"Give her three months. You'll have a different dog, I promise." I wanted to believe the vet, I really did. But I had never seen a dog depressed like this. She wouldn't play with toys, barely ate, had bald patches all over her body from lack of nutrition, scratched and cried over her aching ears, and wasn't accepting of the love my girlfriend and I so desperately wanted to give her.

But slowely, she started to eat. And she ate a lot! Then she sort of figured out what a toy was. And boy oh boy did she discover her love for walks and the outdoors! Her scars started healing, her chronic ear infections were being treated, and the vitamins we were giving her started helping her hair to grow and body to become stronger.

Hazel is now at a healthy weight with no more ear infections. Her scars are healed and all her hair has grown back! She probably eats more than she should and loves treats! Balls are her favorite and she loves running outside. It seems like a miracle, but she is finally happy.

So you're probably asking, why shouldn't someone adopt a Pit Bull? Well, because your heart will be forever changed. You will realize the stereotypes about this "aggressive bread" aren't true. You will start to hate the individuals who use them for fighting or breading or those who neglect them and leave them on the street. You will fall COMPLETELY in love with them. Your life will never be the same'll want to adopt every Pit Bull you see from now on.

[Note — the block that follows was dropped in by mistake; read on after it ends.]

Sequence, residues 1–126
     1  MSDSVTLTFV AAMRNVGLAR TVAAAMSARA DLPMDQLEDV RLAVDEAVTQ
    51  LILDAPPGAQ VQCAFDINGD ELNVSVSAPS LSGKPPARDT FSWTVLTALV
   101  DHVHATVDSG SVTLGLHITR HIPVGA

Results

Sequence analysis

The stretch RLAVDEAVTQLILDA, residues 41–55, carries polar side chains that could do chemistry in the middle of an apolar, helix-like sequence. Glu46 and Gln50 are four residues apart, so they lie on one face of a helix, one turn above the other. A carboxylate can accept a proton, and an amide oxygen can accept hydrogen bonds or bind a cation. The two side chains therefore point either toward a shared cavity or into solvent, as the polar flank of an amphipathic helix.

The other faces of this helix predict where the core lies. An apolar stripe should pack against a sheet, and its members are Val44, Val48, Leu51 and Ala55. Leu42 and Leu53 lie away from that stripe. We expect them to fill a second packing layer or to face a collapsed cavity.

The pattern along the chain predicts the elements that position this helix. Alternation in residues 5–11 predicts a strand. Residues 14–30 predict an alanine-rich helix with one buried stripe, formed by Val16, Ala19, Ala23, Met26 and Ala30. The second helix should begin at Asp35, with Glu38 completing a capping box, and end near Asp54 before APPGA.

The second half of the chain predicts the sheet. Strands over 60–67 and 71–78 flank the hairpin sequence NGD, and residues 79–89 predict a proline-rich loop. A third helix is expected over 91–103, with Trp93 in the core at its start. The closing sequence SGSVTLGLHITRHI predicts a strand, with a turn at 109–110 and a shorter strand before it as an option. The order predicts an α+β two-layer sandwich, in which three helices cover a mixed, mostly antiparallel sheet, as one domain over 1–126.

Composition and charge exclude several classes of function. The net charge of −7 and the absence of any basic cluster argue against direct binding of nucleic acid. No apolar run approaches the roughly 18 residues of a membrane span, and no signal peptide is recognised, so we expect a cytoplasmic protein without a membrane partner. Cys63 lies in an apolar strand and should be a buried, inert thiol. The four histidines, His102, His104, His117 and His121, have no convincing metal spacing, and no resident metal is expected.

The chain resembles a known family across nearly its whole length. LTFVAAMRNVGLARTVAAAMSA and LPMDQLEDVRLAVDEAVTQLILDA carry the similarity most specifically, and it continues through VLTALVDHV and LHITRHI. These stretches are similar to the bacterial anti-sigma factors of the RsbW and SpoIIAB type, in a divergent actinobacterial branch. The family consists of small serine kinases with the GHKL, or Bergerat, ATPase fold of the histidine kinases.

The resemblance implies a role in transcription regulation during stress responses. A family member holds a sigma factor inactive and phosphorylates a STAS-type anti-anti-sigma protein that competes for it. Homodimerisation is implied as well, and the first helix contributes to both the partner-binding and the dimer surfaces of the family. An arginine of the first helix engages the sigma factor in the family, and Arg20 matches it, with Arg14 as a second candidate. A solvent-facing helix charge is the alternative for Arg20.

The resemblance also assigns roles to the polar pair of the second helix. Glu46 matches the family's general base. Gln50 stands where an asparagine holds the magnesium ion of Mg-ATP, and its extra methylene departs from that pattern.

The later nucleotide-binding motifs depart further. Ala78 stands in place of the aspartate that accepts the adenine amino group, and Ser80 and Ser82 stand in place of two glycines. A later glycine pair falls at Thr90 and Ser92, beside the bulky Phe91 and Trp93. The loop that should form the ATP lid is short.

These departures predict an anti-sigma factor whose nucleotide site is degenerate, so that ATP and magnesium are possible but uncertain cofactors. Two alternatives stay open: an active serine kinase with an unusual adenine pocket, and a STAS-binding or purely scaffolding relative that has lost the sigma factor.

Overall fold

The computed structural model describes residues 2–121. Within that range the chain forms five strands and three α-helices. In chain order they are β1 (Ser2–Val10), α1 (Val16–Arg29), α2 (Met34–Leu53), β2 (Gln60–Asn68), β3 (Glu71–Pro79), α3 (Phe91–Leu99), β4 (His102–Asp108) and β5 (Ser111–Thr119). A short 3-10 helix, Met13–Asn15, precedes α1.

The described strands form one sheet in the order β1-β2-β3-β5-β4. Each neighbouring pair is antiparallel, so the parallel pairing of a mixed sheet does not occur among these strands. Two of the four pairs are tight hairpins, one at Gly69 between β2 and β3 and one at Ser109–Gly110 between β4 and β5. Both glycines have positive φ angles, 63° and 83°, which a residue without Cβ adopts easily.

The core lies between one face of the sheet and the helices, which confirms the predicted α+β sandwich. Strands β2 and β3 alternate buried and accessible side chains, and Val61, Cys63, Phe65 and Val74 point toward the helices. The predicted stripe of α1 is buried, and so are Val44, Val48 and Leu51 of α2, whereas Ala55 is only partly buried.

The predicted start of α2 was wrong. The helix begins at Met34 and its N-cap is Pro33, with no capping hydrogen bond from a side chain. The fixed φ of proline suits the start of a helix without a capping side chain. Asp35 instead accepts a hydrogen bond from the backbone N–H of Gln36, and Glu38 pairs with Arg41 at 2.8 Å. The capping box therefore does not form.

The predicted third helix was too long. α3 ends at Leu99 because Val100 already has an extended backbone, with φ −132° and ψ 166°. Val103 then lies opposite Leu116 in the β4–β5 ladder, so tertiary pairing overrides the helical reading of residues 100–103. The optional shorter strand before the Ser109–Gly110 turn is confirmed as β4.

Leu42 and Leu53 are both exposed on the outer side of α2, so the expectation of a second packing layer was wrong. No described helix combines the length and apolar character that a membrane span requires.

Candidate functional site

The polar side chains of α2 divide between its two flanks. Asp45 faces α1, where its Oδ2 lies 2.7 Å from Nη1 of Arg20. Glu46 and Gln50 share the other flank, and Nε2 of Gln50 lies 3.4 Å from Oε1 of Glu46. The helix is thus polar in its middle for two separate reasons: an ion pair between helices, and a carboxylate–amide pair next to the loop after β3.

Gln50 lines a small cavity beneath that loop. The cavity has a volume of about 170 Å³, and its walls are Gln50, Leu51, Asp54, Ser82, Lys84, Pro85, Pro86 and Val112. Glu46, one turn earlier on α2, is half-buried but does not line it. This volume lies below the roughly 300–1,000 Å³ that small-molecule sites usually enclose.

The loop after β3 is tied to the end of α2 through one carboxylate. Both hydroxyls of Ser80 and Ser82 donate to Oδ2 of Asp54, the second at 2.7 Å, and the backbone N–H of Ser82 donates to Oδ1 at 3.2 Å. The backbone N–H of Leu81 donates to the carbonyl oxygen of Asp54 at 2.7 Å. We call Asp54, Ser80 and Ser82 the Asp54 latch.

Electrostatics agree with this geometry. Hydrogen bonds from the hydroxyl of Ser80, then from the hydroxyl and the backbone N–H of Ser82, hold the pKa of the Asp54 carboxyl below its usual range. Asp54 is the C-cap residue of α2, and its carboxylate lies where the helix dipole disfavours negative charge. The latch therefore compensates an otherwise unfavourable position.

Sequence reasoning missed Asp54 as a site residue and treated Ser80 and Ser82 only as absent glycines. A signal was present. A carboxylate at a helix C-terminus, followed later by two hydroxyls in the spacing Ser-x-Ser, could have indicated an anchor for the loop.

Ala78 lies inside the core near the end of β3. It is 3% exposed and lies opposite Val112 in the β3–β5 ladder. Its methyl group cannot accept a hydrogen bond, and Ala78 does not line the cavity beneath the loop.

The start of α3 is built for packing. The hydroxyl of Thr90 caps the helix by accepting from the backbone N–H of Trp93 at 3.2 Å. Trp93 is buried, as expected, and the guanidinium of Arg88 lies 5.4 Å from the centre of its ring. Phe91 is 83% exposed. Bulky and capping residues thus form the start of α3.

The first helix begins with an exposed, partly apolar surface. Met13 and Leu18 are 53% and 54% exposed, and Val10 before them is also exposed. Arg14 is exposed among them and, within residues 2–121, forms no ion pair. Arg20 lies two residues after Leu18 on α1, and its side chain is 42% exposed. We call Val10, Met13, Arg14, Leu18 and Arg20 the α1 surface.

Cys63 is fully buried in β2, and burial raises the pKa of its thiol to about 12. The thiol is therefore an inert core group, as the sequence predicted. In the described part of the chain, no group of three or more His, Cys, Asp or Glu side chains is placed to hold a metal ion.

Cover Image Credit: Ciara Gazaway

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Everything You Will Miss If You Commit Suicide

The world needs you.

You won't see the sunrise or have your favorite breakfast in the morning.

Instead, your family will mourn the sunrise because it means another day without you.

You will never stay up late talking to your friends or have a bonfire on a summer night.

You won't laugh until you cry again, or dance around and be silly.

You won't go on another adventure. You won't drive around under the moonlight and stars.

They'll miss you. They'll cry.

You won't fight with your siblings only to make up minutes later and laugh about it.

You won't get to interrogate your sister's fiancé when the time comes.

You won't be there to wipe away your mother's tears when she finds out that you're gone.

You won't be able to hug the ones that love you while they're waiting to wake up from the nightmare that had become their reality.

You won't be at your grandparents funeral, speaking about the good things they did in their life.

Instead, they will be at yours.

You won't find your purpose in life, the love of your life, get married or raise a family.

You won't celebrate another Christmas, Easter or birthday.

You won't turn another year older.

You will never see the places you've always dreamed of seeing.

You will not allow yourself the opportunity to get help.

This will be the last sunset you see.

You'll never see the sky change from a bright blue to purples, pinks, oranges, and yellows meshing together over the landscape again.

If the light has left your eyes and all you see is the darkness, know that it can get better. Let yourself get better.

This is what you will miss if you leave the world today.

This is who will care about you when you are gone.

You can change lives. But I hope it's not at the expense of yours.

We care. People care.

Don't let today be the end.

You don't have to live forever sad. You can be happy. It's not wrong to ask for help.

Thank you for staying. Thank you for fighting.